The Gilpin County Public Library and Nederland Community Library host a presentation and film screening by local authors B. Travis Wright and Kate Wright, July 31 at 7 p.m. at the Gilpin County Public Library, 15131 Hwy. 119. The event includes rarely-seen photographs from the newly-announced John Trezise Archive for Rollins Pass Imagery and the authors will discuss the significance of archaeological work being done on Rollins Pass to help document 10,000 years of history.
A screening of the documentary film, “Stone and Steel at the Top of the World” by Colorado State University professor and professional archaeologist Jason M. LaBelle PhD will be included. The film describes the ancient hunters of the Colorado high country as well as the Moffat Road railway that ran over Rollins Pass.
First known as Boulder Pass, this comparatively low saddle on the Continental Divide in Colorado has been in continuous use for millennia. First utilized as an expansive Native American game drive complex, the pass subsequently functioned as a toll wagon road in the 1860s. At the turn of the 20th century, Rollins Pass became the highest standard-gauge adhesion railroad grade in North America—an achievement still standing today.
This over-mountain route, known as Corona Pass, was inefficient and dangerous: resolute men tasked with the impossible faced high elevations with even higher risks of injury or death. A safer, permanent route came in 1928 by way of the Moffat Tunnel. The rails of Rollins Pass were then removed, freeing the automobile to tour the historic road. No matter the epoch, the legacy of Rollins Pass abides: a preeminently scenic route to the top of the world.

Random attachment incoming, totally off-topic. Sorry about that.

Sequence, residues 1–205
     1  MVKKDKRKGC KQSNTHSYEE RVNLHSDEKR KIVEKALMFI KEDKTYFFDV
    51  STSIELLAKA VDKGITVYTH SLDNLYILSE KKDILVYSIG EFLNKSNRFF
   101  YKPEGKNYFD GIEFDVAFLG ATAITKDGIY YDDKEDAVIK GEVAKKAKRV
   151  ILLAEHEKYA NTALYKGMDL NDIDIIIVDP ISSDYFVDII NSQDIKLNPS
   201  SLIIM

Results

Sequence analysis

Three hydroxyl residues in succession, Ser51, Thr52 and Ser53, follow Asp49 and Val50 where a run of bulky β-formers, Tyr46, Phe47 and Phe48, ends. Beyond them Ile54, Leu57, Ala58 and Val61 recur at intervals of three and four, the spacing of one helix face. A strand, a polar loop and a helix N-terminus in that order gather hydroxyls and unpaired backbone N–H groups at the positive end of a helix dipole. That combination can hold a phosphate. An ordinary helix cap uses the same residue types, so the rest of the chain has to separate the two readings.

The new book by B. Travis Wright, MPS, and Kate Wright, MBA, Rollins Pass (Arcadia Press, 2018) and the Rollins Pass postcard pack (a collection of ready-to-send vintage-photograph postcards) will be available for purchase with cash or credit card; the event will include a book signing.
The Wrights, volunteer on Rollins Pass as apprentice archaeologists for Colorado State University and for the US Forest Service. Their collaboration with multidisciplinary experts helps bring to life a mountain of pictorial treasures, many of which are published within for the first time.
The presentation is free and open to the public.